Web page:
Daily Frolic 15: More fun with mixed metaphors

“A-a-a-a, they’ve finally blown the lid off it.”

“Who did?”

“The British press.”

“Blown the lid off what?”

“Why reading standards are slipping here; you told me they were.”

“Regrettably. So what reason did the press give?”

“Well, they haven’t actually been all that explicit, but one can draw one’s own conclusions.”

“But what did they say exactly?”

“This.”

“Much better that future generations of children can breathe in and touch the hand of history than read a descriptive narrative in a book.”

 “Oh this – ha, ha, ha!”

“But it’s not funny; I think it’s rather sad myself. Then again, breathing in the hand of history is bound to bring at least some benefit.”

“You can’t be serious!”

“But I’m …”

“No, no, no, they’ve mixed their metaphors again – I’ve told you about mixed metaphors, haven’t I?”

“You mean like this permeating tail?”

“The very same.”

“All the same, the bit about reading is quite depressing.”

“No question.  You grow up, you become a journalist, you get hired by The Times Educational Supplement and then you come up with stuff like this.”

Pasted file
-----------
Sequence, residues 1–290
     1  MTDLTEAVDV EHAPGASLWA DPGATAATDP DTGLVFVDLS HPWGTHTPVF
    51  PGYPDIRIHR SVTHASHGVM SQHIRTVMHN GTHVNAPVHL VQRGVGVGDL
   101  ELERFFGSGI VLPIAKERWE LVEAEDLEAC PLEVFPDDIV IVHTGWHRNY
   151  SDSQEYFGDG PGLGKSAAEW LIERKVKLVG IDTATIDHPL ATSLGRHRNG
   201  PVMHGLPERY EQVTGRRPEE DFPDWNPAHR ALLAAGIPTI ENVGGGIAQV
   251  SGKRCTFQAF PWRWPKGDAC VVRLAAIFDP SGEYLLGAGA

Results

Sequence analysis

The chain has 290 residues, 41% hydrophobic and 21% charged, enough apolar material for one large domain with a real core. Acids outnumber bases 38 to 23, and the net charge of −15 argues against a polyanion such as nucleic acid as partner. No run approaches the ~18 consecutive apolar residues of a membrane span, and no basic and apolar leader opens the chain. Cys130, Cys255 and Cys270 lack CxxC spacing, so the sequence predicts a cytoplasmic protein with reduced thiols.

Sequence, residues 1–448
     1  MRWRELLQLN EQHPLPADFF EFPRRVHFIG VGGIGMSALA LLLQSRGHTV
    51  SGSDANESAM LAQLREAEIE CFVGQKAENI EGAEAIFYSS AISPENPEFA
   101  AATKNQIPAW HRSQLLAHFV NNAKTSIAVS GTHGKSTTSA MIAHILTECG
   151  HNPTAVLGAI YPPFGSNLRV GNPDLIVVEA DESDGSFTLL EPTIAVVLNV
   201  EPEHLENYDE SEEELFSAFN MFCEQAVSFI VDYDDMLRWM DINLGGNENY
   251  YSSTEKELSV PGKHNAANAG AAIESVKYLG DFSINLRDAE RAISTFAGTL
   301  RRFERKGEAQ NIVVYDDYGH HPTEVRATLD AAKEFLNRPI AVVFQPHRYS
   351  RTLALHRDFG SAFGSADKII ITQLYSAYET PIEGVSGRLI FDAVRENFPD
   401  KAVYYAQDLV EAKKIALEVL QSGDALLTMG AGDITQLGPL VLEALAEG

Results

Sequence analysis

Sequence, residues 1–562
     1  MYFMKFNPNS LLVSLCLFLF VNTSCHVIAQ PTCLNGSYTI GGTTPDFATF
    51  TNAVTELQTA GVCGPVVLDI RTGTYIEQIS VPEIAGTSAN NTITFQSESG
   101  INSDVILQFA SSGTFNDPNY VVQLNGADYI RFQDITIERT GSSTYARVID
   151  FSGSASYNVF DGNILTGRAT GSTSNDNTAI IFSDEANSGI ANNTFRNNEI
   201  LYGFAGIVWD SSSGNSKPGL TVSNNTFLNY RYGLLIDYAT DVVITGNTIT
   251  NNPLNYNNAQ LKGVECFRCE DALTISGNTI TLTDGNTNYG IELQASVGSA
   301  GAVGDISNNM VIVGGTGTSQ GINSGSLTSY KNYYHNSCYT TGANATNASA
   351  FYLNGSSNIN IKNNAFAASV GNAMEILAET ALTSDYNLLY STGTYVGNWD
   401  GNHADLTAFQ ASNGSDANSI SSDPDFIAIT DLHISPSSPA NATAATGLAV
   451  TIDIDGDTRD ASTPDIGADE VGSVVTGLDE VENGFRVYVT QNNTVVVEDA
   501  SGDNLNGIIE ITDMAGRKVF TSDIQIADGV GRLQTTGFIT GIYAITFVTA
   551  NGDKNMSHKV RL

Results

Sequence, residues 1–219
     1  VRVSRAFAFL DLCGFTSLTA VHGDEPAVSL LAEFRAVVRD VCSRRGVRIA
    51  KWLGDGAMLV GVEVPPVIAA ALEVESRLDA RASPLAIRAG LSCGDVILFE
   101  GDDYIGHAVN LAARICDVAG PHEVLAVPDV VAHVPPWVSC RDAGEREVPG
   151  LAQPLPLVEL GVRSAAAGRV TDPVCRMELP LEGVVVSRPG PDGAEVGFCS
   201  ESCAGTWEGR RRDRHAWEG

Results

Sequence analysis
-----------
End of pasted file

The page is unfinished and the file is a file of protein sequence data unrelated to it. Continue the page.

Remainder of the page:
“A drop in high achievement among seven-year-olds’ basic skills is swinging the pendulum further towards phonics.”

 “You mean this drop found itself among skills because it was swinging on this pendulum so hard?”

“Give me strength – it’s just another mindless jumble.”

“But, but … what does it actually mean?”

“Not entirely sure but probably something along these lines.”

 “The decline in basic skills among seven-year-olds is swaying opinion further towards phonics.”

 “A-a-a-a, that’s better. I mean obviously not that your kids are slipping; I didn’t …”

“I know, I know. Look, mixed metaphors are quite common. I have another one here for you – also from The Times Educational Supplement. It’s supposed to be an imploration for British colleges to resist too much government control. “

 “Otherwise, the ideological bandwagon, supplemented by battalions of unthinking, unblinking ‘change agents’ will infect the terrain.”

 “Well, you certainly wouldn’t want to be infected by a bandwagon; it could be very unpleasant.”

“But not half as unpleasant as reading dross such as this. As for those unthinking battalions, they seem to have already infected quite a large terrain of our media – and other institutions.”

“Hmmm, I’m beginning to …”

“Yep, so you should. I think you’ll enjoy this one: I found it in The Sunday Times.”

 “The situation demands an intellectual solvent that cuts through the woolly-headed posturing of our make-believe world (…).”

 “But … there’s … what … it’s, it’s … is this really what the situation demands?”

“Nope, I reckon it demands far, far more than that.”

 

PS

The first post poking fun at mixed metaphors is called Daily Frolic 10: A Cautionary Tail (10th November 2014).

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